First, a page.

LUMBERTON — Robeson County is off to a slow start in early voting for Tuesday’s runoff primary.
According to Dock Locklear, director of the county Board of Elections, as of Wednesday morning, 27 people had cast votes since early voting began on June 28 for the primary runoffs.
“That’s a little bit lighter than I expected,” Locklear said.
A runoff election is necessary when a candidate in a race does not win 40 percent of the vote in the regular primary, Locklear said.
There are four runoffs in Republican races, and a single one in Democratic races.
The headliner for Robeson County voters is the GOP race for District 8 in the U.S. House. Redistricting has put most of Robeson County in the district now represented by Larry Kissell, a Democrat who is awaiting his opponent in the November General Election. Republican voters will decide on Tuesday between either Richard Hudson, of Concord, or Scott Keadle, of Mooresville.
Other Republican races and candidates are: N.C. lieutenant governor: Dan Forest and Tony Gurley; N.C. Commissioner of Insurance, Richard Morgan and Mike Causey; N.C. Secretary of State, Kenn Gardner and Ed Goodwin; N.C. Superintendent of Public Instruction, John Tedesco and Richard Alexander.
The only race in the Democratic Party is for N.C. Commissioner of Labor, which is between Marlowe Foster and John C. Brooks.
Early voting will continue through Saturday at the Board of Elections office in downtown Lumberton from 8:15 a.m. to 5:15 p.m. today and Friday, and from 8:15 a.m. to 1:15 p.m. on Saturday.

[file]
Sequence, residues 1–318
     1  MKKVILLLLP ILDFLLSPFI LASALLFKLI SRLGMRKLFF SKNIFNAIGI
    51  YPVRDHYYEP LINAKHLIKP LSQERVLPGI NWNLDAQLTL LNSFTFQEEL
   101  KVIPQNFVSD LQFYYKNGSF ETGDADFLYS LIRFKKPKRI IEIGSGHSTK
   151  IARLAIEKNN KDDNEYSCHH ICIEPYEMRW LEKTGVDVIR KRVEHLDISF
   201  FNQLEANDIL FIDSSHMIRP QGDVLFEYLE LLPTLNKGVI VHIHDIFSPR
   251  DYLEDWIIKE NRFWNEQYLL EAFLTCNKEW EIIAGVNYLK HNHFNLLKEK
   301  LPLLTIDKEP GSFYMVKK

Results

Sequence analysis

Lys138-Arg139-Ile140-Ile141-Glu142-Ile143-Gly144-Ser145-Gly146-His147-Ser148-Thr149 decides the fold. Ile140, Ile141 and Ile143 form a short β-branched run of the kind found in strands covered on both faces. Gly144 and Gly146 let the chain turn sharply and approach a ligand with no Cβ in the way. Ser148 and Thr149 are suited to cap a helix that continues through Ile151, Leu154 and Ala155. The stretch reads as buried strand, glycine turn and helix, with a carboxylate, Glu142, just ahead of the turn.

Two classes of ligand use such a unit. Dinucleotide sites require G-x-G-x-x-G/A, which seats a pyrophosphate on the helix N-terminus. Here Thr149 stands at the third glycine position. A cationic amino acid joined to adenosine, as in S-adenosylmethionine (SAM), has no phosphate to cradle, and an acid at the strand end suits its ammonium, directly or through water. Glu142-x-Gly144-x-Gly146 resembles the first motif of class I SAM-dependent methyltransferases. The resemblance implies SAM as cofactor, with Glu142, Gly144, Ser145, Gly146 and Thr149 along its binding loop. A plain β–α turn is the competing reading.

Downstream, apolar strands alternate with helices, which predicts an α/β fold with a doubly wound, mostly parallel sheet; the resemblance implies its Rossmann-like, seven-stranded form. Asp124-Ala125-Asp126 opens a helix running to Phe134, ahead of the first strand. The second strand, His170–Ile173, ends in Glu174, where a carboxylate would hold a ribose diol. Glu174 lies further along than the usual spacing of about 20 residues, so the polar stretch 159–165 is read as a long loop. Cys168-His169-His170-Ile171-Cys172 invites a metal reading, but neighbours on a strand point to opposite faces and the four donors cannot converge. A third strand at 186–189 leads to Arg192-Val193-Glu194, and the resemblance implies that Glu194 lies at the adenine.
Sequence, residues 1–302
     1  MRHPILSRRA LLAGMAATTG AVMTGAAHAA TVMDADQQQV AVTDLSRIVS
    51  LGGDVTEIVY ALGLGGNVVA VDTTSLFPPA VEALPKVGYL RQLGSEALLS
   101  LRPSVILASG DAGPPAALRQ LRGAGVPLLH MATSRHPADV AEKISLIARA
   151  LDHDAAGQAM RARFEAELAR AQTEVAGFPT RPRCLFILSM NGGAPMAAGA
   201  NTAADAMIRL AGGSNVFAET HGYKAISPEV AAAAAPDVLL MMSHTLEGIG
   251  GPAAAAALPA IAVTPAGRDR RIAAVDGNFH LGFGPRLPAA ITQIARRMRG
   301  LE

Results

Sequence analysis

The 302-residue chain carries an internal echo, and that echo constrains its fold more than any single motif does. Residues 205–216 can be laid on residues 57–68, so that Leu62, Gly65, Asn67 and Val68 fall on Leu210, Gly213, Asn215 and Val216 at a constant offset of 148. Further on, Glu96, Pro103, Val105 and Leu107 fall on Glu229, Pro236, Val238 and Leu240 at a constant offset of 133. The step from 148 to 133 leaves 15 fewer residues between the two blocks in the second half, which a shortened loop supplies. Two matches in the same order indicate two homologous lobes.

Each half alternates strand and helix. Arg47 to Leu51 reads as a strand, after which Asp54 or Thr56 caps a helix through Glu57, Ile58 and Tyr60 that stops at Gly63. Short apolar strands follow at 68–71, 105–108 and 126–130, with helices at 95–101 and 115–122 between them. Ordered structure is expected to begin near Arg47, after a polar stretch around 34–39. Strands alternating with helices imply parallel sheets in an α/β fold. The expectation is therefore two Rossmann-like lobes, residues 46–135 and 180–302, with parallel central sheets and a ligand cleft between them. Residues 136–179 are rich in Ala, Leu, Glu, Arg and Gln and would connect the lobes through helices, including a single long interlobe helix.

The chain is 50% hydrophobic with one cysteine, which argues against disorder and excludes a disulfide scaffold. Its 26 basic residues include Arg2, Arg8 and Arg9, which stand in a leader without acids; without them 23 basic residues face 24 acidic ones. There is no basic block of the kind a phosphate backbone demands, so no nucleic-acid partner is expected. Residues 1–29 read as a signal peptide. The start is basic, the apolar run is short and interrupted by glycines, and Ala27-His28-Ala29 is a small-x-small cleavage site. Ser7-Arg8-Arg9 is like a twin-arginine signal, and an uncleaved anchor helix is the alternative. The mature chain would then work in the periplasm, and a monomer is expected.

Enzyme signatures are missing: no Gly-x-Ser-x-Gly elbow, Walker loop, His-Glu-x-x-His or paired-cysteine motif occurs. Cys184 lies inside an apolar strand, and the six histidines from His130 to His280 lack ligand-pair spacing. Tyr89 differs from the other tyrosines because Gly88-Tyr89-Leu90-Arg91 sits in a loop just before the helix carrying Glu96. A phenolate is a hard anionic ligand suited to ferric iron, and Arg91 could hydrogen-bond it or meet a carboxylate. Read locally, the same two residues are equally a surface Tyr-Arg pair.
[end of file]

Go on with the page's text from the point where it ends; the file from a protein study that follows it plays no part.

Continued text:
Polls will be open Tuesday from 6:30 a.m. to 7:30 p.m. at regular polling locations throughout the county.
Locklear predicts a “medium to light” turnout on Tuesday.
“If we vote 2,000, I will be lucky,” he said. “Normally, second primary or runoff they don’t come back and vote again. The voters just don’t covey up to a second runoff. There’s not much enthusiasm out there.”
All polling locations throughout the county will be open Tuesday. He estimated the cost to the county at about $17,000, half of a normal primary. He said the different is fewer poll workers will be needed.
According to Locklear, during the May primary, there were 6,187 votes cast during one-stop voting and absentee by mail and 18,409 votes cast in-person, for a total of 24,596 votes.
Locklear said county residents may register to vote during early voting for the runoff, but they cannot cast a ballot. State law doesn’t allow anyone who is not registered for the original primary to vote in a runoff.